NYC Safety Symposium: A DOT Investigator’s Guide to Roadside Inspections

NYC Safety Symposium: A DOT Investigator’s Guide to Roadside Inspections

During the safety event for waste and recycling haulers, a state DOT investigator discussed some of the common violations he’s seen during roadside inspections.

When it comes to safety on the roadways, it all starts with the pre-trip. And if waste and recycling haulers want to successfully pass roadside inspections and keep their safety scores intact, pre- and post-trips are key.

Jonathan Nicastro, chief motor carrier investigator at the New York State Department of Transportation (NYS DOT), discussed how to get through roadside inspections during the Fifth NYC Waste & Recycling Safety Symposium. He also touched on some of the common violations he’s seen throughout his 25-year career.

Here are some of the key highlights from the October 18 event, which was sponsored by the New York City Business Integrity Commission, the National Waste & Recycling Association (NWRA), the Solid Waste Association of North America (SWANA) and New Yorkers for Responsible Waste Management.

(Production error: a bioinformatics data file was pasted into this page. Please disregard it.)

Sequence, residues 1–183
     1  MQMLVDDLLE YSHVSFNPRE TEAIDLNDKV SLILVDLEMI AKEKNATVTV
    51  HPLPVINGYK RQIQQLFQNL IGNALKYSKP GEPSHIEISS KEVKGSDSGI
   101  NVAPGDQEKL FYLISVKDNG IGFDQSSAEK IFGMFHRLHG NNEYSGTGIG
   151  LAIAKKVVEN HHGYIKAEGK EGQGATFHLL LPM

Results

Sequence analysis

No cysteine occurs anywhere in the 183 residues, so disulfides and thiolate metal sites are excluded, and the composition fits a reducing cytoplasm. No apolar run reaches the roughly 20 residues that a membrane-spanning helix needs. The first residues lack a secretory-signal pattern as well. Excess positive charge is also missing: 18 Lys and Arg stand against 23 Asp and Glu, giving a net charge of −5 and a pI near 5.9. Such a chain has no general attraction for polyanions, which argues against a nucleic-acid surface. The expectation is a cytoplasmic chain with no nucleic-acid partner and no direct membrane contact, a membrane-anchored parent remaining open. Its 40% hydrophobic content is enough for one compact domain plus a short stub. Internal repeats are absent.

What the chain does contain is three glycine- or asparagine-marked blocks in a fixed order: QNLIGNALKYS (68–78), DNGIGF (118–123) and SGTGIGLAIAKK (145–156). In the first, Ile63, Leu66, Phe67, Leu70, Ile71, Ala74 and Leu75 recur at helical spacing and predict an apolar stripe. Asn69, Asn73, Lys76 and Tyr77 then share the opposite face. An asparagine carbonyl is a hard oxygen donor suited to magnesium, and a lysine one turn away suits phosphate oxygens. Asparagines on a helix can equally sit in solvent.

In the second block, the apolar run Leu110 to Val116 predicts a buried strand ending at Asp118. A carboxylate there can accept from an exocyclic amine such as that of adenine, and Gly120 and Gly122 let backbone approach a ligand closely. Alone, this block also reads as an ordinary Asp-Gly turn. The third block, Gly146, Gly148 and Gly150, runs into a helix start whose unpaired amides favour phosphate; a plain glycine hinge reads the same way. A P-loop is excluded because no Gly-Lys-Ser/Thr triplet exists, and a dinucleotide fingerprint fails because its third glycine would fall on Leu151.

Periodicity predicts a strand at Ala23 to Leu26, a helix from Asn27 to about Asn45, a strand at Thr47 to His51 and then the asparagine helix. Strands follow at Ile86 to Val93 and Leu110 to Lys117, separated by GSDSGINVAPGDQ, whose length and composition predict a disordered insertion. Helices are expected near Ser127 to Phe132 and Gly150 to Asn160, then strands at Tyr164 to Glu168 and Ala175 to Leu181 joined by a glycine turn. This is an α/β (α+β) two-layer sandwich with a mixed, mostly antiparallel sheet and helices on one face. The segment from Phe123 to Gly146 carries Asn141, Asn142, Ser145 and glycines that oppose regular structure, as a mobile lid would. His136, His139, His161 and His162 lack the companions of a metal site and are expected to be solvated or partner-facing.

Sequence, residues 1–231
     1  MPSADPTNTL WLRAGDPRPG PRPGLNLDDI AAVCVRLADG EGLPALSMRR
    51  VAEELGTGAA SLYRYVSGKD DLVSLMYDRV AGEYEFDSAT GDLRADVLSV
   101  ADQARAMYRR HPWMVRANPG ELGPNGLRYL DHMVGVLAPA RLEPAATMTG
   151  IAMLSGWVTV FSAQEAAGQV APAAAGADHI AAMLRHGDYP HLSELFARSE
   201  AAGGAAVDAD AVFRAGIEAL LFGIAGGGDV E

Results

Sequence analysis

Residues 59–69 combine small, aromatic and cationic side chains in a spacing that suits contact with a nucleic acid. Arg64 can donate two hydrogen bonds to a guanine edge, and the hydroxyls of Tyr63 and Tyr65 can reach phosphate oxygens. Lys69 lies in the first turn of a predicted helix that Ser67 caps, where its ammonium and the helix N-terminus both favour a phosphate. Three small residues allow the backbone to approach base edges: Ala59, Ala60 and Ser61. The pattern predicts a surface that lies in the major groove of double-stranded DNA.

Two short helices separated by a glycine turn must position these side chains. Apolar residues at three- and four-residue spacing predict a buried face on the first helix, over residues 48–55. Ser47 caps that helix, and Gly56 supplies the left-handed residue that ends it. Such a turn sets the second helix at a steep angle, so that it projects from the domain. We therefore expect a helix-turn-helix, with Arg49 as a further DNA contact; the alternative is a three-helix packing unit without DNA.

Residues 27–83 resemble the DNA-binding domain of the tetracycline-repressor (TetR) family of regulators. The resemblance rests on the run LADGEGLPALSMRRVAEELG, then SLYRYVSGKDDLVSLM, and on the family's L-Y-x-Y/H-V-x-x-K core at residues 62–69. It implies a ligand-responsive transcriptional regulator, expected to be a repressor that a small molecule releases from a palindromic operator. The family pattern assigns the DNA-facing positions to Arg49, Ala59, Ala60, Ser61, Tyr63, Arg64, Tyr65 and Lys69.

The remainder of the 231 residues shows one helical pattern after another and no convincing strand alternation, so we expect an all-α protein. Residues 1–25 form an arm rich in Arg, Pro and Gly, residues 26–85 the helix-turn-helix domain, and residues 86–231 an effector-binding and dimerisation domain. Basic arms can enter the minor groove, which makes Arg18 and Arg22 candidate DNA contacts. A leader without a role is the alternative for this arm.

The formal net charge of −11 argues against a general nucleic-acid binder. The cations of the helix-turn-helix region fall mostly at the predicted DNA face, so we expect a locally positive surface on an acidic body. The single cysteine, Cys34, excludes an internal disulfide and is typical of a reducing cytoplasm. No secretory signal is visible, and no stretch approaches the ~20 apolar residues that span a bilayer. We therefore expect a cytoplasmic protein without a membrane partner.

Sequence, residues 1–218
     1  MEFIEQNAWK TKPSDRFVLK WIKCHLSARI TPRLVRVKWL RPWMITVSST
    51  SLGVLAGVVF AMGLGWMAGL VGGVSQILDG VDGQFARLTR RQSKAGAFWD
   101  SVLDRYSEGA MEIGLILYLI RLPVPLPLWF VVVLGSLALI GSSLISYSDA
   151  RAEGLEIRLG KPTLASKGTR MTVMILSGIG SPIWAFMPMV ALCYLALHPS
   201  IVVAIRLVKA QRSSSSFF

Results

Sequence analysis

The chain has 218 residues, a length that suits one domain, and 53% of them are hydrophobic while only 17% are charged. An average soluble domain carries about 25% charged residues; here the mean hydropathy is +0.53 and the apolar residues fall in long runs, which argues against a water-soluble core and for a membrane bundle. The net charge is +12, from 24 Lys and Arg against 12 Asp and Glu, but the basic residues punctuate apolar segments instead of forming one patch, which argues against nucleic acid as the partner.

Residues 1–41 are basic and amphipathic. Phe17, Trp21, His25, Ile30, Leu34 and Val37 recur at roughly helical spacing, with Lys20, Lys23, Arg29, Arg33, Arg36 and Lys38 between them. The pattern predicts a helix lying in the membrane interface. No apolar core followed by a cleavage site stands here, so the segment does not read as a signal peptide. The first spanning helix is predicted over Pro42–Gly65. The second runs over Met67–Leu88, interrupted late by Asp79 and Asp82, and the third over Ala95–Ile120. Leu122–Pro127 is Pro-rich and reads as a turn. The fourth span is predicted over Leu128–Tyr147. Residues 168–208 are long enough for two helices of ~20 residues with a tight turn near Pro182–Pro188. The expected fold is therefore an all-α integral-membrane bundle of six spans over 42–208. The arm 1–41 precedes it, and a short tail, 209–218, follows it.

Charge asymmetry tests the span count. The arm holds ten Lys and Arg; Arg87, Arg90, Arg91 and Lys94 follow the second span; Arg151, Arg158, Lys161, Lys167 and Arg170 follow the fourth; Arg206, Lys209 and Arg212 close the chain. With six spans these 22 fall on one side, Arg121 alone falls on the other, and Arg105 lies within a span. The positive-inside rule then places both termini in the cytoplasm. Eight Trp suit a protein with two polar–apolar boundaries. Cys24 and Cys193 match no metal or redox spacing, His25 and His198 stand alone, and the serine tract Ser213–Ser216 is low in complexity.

Pre-trips, Post-trips and Roadside Inspections

Nicastro explained that the crucial element to a solid pre- and post-trip inspection process is thoroughly training drivers and mechanics. For starters, that means they must ensure brakes, steering, lighting, horn, wheels and emergency equipment are all in place and working properly before the truck hits the road.

“All we are doing during the roadside inspection is a pre-trip,” explained Nicastro. “Poor roadside inspections equate to drivers not doing good pre-trip inspections. It could also go back to your maintenance shops. If you do a good pre-trip inspection, I won’t be able to find anything during a roadside inspection.”

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He offered a multitiered process that waste and recycling companies could use when conducting pre- and post-trip inspections.

  • Make sure your drivers are trained.
  • Check gauges in the truck.